Breathing Record: A Review of Edges & Fray

  If you open Danielle Vogel’s book, Edges & Fray, a few pages in, you’ll see on the left-hand page three square photographs of birds’ nests, and on the right-hand side syntactical fragments including, “a book arrives in threads—.”  As the interrelation of nest-building and text-composing emerges, we become privy […]

“Even this brief thought is endless:” An Analytical Review of Dan Beachy-Quick’s Arrows

Consider the materials from which an arrow can be made: wood, aluminum, carbon, fiberglass. Each material used to construct an arrow ultimately serves the arrow’s intended purpose. Now think of poems as arrows, gathered into a quiver for safe-harboring until their use. These poem-arrows rest, unused until the poet or […]

The Interiority of the Mined Earth and Its Inhabitants: A Review of The Sea Came Up & Drowned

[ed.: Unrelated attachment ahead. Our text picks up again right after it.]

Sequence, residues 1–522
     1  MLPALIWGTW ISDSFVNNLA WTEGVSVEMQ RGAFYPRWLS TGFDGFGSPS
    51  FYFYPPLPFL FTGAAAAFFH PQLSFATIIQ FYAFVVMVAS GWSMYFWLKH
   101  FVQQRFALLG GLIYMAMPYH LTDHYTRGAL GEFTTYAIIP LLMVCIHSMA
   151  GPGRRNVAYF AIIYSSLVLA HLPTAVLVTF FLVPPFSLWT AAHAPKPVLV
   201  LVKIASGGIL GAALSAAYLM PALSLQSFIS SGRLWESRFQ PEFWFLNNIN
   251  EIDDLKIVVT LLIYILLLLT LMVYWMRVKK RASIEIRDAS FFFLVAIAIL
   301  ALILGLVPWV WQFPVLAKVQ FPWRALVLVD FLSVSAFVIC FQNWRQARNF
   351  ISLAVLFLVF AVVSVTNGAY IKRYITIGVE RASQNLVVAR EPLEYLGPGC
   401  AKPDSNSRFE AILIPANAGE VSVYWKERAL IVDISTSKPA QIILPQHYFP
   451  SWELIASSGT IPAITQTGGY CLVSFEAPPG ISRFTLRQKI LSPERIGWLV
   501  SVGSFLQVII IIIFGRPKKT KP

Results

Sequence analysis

The Sea Came Up & Drowned, Rachel Jamison Webster’s fourth book, is a collection of poems extracted from John McPhee’s Pulitzer Prize winning nonfiction book Annals of the Former World. Webster’s “mined” poems are about actual mining, and how through excavation humans have gained knowledge about the earth’s interior and […]

Make Holy What You Can: A Review of Kelly Grace Thomas’s Boat Burned

Maybe I wanted to be owned. from “Vessel” In Boat Burned, Kelly Grace Thomas revisits many of the themes that are familiar to poetry written by women as well as about women’s lives, such as marital expectations, body image, self-loathing, romantic desire, and parent-daughter connection. In her own skilled language, […]

The First Rule of Rock Tumbling: A Review of Jessica Jacobs’ Take Me with You, Wherever You’re Going

In Take Me with You, Wherever You’re Going, poet Jessica Jacobs has engaged with a project that many poets would fear to undertake and some prospective readers might fear would be too straightforward and predictable. This book charts the narrator’s love for her wife-to-be—the long prelude and eventual marriage. In […]